The offense of the Prosperity and Seed-sowing message



I believe in prosperity if I am to define what it means to me. To have enough to fulfill God’s purpose for my life is prosperity. To have abundance so I can be a blessing to others is prosperity.
I have an aversion to poverty, lack and want, and I believe it is a basic human desire to have one’s needs met. Churches and Para-church organizations do good work when they try to alleviate sufferings by educating, clothing and feeding the poor.
Everyone accepts God knows no lack or want and since he is the one that supplies the needs of his children, Christians should not be destitute. Except in cases of persecution and in some situations when in stepping out to follow God lack and want can be some of the challenges, poverty and destitution are never truly godly lifelong circumstances.
If someone takes an oath of poverty, that’s their choice and decision, not God’s ordination for them.
Then why is the prosperity message so repulsive to many Christians?
I believe it is the extravagance, self-indulgence and manipulations that sometimes accompany the prosperity preaching. The fruit of the message in the life of its most outspoken proponents is most of the time not godly. The need to “prove” one’s prosperity through fashionable clothes, latest gadgets, a fat bank account, expensive cars is where the message very much draws to itself those who are motivated by lust, and at the same time pushes away those who believe the Bible is against greed and covetousness.

A look at some of the fruit of the extreme emphasis put on the concept of financial prosperity would tell anyone that there is a problem somewhere.

  • Vanity
  • Covetousness
  • Greed and competition
  • Material possession as “proof” of one’s spirituality

The story of George Muller is one of inspiration and a slap to some prosperity preachers today. George Muller never had a bank account, he did not organize fundraisers, and received no fixed salary, but he is famous for building large orphanages and sponsoring the distribution of bible tracts around the world and supporting schools and missions.

He believed God led him to do what he did and trusted him for the provisions. God did it through people’s willing donations, and never through twisting of scriptures, threats and deception

Some things are needs depending on the occasion, but when they are gotten just to gratify the flesh and to prove to others that we are prosperous, it becomes sinful.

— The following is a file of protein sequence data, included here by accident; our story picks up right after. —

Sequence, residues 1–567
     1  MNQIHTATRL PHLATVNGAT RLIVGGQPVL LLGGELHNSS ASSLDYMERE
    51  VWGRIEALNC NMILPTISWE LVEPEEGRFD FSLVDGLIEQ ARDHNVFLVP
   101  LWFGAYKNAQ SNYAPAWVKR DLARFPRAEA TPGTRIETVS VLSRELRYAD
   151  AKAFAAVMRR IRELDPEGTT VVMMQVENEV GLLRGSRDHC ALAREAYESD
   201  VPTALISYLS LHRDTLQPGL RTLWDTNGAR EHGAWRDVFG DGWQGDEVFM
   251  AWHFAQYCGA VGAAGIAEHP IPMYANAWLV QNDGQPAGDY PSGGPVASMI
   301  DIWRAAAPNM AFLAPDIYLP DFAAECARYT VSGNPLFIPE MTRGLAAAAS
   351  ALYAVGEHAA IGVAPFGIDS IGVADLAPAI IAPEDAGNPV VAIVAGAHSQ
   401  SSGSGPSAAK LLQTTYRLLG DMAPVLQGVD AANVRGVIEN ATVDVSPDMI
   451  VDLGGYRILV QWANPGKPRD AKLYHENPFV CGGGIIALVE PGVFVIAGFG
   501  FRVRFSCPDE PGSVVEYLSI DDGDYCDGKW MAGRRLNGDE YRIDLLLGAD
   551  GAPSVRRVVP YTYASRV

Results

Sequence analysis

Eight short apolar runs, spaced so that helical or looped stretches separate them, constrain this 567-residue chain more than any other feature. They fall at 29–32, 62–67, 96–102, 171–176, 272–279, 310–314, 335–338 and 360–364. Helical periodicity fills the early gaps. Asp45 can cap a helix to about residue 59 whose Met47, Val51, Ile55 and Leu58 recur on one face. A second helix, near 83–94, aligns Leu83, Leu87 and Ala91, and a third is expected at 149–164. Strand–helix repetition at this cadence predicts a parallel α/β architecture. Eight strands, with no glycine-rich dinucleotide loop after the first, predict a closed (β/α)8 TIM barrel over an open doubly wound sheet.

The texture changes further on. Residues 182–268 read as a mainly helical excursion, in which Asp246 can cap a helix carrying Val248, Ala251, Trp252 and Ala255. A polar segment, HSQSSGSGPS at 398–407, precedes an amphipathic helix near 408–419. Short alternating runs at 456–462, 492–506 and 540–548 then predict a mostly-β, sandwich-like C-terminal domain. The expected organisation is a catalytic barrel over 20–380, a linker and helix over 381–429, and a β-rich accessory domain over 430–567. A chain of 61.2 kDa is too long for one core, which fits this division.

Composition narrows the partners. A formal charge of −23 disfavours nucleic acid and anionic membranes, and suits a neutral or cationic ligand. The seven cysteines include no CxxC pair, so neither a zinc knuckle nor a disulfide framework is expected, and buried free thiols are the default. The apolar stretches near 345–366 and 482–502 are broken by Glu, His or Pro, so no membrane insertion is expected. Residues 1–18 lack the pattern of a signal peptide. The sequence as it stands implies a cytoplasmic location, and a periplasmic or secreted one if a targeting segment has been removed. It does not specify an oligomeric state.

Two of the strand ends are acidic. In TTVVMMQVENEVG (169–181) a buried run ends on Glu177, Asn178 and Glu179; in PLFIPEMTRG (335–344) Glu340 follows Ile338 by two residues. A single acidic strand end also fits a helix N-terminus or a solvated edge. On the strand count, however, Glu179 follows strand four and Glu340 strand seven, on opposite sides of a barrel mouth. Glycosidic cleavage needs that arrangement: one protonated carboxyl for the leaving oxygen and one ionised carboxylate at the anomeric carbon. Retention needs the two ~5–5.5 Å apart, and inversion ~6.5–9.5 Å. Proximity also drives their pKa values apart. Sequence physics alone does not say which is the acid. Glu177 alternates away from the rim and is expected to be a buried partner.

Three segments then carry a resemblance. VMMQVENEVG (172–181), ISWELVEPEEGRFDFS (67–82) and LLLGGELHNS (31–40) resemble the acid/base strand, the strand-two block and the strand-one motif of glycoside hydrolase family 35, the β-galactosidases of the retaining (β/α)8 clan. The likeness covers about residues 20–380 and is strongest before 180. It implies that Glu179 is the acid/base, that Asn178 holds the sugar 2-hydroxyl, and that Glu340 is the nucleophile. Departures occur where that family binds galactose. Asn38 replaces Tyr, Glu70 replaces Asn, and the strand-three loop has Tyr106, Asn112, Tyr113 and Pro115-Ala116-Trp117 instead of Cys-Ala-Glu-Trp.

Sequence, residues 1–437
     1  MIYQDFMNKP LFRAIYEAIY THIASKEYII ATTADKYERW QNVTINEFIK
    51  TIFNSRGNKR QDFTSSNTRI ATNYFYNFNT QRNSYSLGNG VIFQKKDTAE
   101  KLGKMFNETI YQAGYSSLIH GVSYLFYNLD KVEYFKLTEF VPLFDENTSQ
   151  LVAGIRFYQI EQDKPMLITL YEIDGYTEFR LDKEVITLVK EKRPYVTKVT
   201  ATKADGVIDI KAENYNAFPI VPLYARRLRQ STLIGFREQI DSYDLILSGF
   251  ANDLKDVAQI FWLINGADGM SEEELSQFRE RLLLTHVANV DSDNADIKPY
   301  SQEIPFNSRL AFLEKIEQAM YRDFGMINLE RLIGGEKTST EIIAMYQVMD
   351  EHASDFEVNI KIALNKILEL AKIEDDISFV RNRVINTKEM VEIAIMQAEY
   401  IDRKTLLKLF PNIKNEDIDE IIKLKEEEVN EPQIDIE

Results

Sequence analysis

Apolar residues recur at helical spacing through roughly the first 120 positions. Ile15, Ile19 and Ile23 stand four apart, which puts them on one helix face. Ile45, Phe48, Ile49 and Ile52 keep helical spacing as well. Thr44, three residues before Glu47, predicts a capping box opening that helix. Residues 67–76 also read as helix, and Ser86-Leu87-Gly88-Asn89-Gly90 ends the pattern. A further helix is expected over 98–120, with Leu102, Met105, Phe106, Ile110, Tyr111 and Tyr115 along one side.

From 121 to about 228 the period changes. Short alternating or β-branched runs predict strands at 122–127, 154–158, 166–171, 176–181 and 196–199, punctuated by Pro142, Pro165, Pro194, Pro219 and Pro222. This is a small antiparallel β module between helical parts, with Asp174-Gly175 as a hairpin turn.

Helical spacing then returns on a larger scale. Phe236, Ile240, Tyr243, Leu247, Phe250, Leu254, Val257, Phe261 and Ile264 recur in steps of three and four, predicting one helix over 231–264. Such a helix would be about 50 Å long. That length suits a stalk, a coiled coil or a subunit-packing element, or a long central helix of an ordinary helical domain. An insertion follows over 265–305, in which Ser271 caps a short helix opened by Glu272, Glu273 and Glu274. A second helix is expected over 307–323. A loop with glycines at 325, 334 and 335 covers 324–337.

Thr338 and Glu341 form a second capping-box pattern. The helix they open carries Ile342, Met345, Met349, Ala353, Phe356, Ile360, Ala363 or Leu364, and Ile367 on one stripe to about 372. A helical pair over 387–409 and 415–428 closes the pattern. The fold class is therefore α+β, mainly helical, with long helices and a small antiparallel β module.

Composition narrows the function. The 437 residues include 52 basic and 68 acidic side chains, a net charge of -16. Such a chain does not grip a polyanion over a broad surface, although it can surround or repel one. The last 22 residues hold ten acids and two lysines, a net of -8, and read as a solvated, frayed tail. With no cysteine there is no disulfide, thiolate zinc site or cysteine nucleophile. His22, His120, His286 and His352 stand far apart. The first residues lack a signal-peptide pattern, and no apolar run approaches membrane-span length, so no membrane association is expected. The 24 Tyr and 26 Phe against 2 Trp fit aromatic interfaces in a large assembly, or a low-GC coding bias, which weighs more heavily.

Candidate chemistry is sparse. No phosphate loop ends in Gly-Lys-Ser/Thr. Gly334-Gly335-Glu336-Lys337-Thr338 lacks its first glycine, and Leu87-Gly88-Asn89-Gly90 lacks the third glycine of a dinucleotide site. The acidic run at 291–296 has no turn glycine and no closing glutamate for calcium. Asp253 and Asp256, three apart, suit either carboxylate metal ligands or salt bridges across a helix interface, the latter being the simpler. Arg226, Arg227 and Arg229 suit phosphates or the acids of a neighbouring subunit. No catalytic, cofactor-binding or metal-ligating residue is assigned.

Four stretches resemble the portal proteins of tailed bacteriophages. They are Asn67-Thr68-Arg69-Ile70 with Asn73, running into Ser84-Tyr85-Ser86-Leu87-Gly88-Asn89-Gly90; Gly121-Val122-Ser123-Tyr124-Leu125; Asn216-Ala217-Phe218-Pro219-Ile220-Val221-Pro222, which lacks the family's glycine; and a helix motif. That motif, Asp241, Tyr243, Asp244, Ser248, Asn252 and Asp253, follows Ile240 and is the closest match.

The unscrupulous seed sowing motivation strategy

During a fundraiser for a program, Pastor asks people to give or pledge the sum of fifty thousand francs. Some people come out, but they are not enough to raise the needed amount.

Pastor then tells a touching story of a man somewhere who had given that amount some previous year and God blessed him for that giving so much so that the man is now paying tithes in millions.

When he says that, more people come out and pledge to give. Why? The motivation changes from simply giving to support the work of God, to “sowing” thousands so that millions can be harvested later on. Pastor knows well this method works, that is why he employs it.

There should be no mincing of words when calling this manipulation. Pastor does not care about the giver or whether the giver eventually gets the promised harvest. Pastor’s goal is to get the money out of the giver’s wallet. Period.

Many people today regret having fallen prey to such tactics before. The money they could have used to start up an income generating business was sowed as seed and the harvest never came, and the prosperity they were promised never materialized.

Even more painful are the many people who are still waiting and hoping that one day the harvest will come. They have been sowing for years and are being promised to be patient.

The shortcoming with this seed sowing motivation is the failure to see that people can still give willingly and bountifully, without threats and coercion. The giving springs out of appreciation for the goodness of God, out of a desire to see his work progress.

It is an indication of a faulty relationship with God when Christians have to be threatened or manipulated to give for the kingdom of God. People who have come in contact with the unconditional love and goodness of God cannot help but be bountiful givers. It flows out of a love relationship and a grateful heart, not out of a selfishness to have one’s money multiplied or to get God’s favor.
2 Corinthians 9:7-8 KJV

7 Every man according as he purposeth in his heart, so let him give; not grudgingly, or of necessity: for God loveth a cheerful giver. 8 And God is able to make all grace abound toward you; that ye, always having all sufficiency in all things, may abound to every good work

It doesn’t glorify God when people are manipulated to give to his work. God is not glorified in that kind of work. He knows how to provide for his kingdom work, and he has chosen to work through willing and cheerful hearts; that is the kind of giving that gets reward.

Finances are a blessing when they are used within biblical boundaries. Any teaching that encourages and promotes greed and covetousness is not of God.

The Bible calls us to keep ourselves free from the love of money. We are instructed to keep away from the lust of the eyes, the lust of the flesh and the pride of life.


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